To learn more visit Surfrider's Clean Water articles and the Coastal blog posts on water quality.
Extreme Health Effects
Transworld Surf has published an article Seven Surf Sicknesses which are actually a mixture of illnesses and the pathogens that cause illnesses. Their list is: MRSA, Hepatitis A, Encephalitis and Meningitis, Gastroentiritis, Vibrio Vulnificus, Leptospirosis, and Unknown and Bizarre illnesses.
Personal examples of extreme health effects from exposure to polluted runoff and/or sewage spills include:
- Long time Sunset Cliffs (San Diego) surfer Barry Ault contacted a massive staph infection and died within a few days of surfing after a major rain event.
- In October 2016 CBS News reported that 67-year-old Mike Funk died from a vibrio vulnificus infection after entering the water at Assawoman Bay in Ocean City, Maryland with an open sore on his leg. Maryland health officials stated they they deal with at least 30 to 50 reports of vibrio each year–some fatal.
- Chris O'Connel had a cut on his arm and went in Mission Bay, San Diego after a rain event. His arm became infected with the Streptococcus bacteria and he almost died. Three operations and two and half weeks in the hospital saved his life.
- A member of the Long Beach Chapter of Surfrider Foundation became infected with the same bacteria after surfing near the San Gabriel River Mouth. Charles Moore of Long Beach was also hospitalized for two weeks.
- A long-time Surfrider Legal Issues Team member nearly had to have his foot amputated after a blister (and subsequent surfing) turned into a nasty MRSA infection (see Staph Infections).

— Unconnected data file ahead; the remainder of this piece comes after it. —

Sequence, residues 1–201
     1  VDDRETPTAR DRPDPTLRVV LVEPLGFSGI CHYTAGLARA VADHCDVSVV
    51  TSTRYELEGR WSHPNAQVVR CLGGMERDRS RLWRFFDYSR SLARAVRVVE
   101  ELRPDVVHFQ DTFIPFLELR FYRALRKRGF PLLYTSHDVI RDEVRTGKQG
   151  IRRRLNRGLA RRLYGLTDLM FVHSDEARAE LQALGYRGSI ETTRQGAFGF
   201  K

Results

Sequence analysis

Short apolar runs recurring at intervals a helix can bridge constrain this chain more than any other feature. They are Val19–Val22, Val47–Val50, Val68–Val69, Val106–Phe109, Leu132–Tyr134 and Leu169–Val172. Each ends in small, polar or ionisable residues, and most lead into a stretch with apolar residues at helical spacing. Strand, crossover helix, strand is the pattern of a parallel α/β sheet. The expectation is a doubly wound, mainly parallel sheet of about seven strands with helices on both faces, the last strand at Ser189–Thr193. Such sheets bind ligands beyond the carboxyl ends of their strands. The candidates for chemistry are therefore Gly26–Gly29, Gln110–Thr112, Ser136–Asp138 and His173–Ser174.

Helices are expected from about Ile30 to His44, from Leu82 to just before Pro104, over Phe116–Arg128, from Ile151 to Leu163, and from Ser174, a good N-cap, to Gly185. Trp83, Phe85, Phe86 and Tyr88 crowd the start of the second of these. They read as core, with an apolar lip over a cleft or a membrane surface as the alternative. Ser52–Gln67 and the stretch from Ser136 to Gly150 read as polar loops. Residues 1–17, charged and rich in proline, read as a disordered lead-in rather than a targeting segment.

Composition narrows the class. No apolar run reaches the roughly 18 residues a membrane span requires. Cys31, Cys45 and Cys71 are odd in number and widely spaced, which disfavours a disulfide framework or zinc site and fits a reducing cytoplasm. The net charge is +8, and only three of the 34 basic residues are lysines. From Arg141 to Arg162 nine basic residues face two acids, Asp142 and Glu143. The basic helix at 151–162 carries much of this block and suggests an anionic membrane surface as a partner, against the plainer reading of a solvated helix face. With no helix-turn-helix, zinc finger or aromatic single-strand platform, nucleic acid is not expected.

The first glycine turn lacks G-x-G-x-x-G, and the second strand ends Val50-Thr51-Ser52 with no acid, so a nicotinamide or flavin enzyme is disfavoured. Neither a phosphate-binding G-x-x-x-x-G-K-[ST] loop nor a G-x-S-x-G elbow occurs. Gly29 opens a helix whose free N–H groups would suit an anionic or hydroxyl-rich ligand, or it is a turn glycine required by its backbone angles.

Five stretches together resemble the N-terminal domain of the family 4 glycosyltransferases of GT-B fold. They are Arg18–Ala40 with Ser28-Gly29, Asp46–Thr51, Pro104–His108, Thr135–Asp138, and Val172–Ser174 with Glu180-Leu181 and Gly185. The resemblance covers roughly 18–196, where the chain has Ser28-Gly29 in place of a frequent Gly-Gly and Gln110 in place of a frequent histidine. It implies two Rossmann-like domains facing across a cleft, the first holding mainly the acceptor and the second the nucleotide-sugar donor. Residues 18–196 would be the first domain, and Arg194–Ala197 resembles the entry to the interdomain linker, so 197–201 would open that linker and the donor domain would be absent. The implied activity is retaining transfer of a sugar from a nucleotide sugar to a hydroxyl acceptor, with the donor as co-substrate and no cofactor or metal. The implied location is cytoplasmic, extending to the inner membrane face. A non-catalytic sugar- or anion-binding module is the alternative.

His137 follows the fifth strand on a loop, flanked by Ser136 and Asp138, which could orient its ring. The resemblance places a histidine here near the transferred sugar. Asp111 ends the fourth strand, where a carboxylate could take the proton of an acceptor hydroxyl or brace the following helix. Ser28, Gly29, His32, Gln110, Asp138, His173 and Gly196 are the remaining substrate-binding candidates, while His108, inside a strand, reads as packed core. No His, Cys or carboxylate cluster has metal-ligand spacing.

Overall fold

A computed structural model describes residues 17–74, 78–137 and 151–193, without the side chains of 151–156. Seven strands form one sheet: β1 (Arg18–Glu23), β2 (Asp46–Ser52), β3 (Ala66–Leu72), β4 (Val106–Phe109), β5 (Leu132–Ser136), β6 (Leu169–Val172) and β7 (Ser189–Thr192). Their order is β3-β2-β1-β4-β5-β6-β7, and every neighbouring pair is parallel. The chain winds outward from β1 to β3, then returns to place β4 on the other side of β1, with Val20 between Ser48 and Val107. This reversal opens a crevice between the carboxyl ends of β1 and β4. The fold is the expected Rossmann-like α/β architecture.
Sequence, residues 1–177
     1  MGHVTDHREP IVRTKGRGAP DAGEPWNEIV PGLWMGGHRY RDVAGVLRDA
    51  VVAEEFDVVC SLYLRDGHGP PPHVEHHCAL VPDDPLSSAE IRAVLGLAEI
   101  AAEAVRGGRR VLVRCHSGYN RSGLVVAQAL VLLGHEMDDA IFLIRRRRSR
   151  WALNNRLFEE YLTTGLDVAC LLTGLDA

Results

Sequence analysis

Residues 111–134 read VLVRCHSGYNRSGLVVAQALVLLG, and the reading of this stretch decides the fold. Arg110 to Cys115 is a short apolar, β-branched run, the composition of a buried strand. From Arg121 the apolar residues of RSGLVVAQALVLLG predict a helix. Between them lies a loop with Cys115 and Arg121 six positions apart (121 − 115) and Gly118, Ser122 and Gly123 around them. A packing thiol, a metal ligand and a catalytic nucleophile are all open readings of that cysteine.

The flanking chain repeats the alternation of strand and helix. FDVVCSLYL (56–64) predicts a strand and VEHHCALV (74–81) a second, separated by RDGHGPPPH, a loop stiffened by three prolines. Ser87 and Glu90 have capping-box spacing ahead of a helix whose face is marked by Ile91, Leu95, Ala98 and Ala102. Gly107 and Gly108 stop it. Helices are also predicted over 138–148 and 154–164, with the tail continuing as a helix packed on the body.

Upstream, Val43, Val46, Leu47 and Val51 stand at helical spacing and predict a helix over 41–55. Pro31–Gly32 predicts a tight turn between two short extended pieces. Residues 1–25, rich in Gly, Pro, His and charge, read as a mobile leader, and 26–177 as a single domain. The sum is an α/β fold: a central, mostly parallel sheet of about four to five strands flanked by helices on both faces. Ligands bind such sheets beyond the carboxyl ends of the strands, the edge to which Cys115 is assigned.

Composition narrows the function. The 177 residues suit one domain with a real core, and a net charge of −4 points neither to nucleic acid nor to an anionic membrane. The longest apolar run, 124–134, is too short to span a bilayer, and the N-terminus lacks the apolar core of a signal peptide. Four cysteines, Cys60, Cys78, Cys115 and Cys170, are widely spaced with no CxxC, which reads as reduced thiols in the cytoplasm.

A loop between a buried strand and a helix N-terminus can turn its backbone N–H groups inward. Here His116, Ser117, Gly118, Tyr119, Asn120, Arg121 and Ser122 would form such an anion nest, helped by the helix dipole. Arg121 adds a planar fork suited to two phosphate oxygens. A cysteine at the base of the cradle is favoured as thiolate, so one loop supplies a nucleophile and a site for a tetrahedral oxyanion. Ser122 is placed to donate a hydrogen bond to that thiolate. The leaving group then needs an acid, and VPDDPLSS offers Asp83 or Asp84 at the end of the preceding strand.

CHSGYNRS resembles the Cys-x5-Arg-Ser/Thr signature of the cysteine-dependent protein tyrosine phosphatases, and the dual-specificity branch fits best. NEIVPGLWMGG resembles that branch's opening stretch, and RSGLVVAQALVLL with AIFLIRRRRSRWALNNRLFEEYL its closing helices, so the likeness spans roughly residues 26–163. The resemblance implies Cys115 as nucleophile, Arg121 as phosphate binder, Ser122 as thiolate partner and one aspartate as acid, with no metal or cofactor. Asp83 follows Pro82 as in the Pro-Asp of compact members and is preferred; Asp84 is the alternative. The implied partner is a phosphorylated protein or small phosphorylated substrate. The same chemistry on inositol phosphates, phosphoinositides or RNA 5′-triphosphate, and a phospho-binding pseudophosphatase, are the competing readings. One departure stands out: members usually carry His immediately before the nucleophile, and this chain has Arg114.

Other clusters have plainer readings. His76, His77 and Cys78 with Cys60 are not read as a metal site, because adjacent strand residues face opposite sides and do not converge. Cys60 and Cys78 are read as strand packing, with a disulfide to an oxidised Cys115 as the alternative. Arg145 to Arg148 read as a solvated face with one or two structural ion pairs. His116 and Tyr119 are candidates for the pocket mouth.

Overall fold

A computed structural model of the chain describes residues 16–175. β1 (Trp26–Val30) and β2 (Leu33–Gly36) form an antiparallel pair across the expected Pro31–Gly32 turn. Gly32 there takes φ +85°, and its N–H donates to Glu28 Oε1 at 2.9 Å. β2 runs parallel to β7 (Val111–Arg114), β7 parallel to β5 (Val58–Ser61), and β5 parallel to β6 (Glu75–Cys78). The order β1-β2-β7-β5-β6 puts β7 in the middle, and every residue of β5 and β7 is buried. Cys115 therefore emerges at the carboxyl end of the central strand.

- Mike Rhodes, another long-time Surfrider Legal Issues Team member, developed a massive ear infection and build-up of fluid in the inner ear after surfing in Del Mar, CA after a rain.
- A young surfer was reportedly diagnosed with Bell's Palsey after surfing in the Cardiff, CA area shortly after a rain event.
- Surfer Timmy Turner nearly died after an aggressive staph infection attacked his brain.
Marine Life is Affected Too!
Sea Otters, Dolphins and other marine life are also affected by pollutants that are discharged into the ocean. In fact, because they spend all their life in the ocean and subsist entirely on food from the ocean, they are more vulnerable to pollutants and infectious agents than humans. This National Geographic article explores some of the issues and specific pollutant threats.
Learn more about the problem with CSOs in NYC and how green infrastructure is being applied as a solution.
Some of this information was gleaned from NRDC's Testing the Waters reports.
A Threat to Human Health (American Rivers)
Effects of Sewage-Contaminated Water on Human Health, Rosenstiel School of Marine and Atmospheric Sciences (RSMAS) at the University of Miami.
Balarajan, R., Soni Raleigh, V., Yuen, P., Wheeler, D., Machin, D. and Cartwright, R. 1991. Health Risks Associated with Bathing in Sea Water. Brit. Med. J., cited in USEPA's Implementation Guidance for Ambient Water Quality Criteria for Bacteria - 2004.
V. Cabelli Health Effects Criteria for Marine Recreational Waters. EPA-600/1-84-004, 1983.
R. Haile, et al. An Epidemiological Study of Possible Adverse Health Effects of Swimming in Santa Monica Bay. Santa Monica Bay Restoration Project, 1996.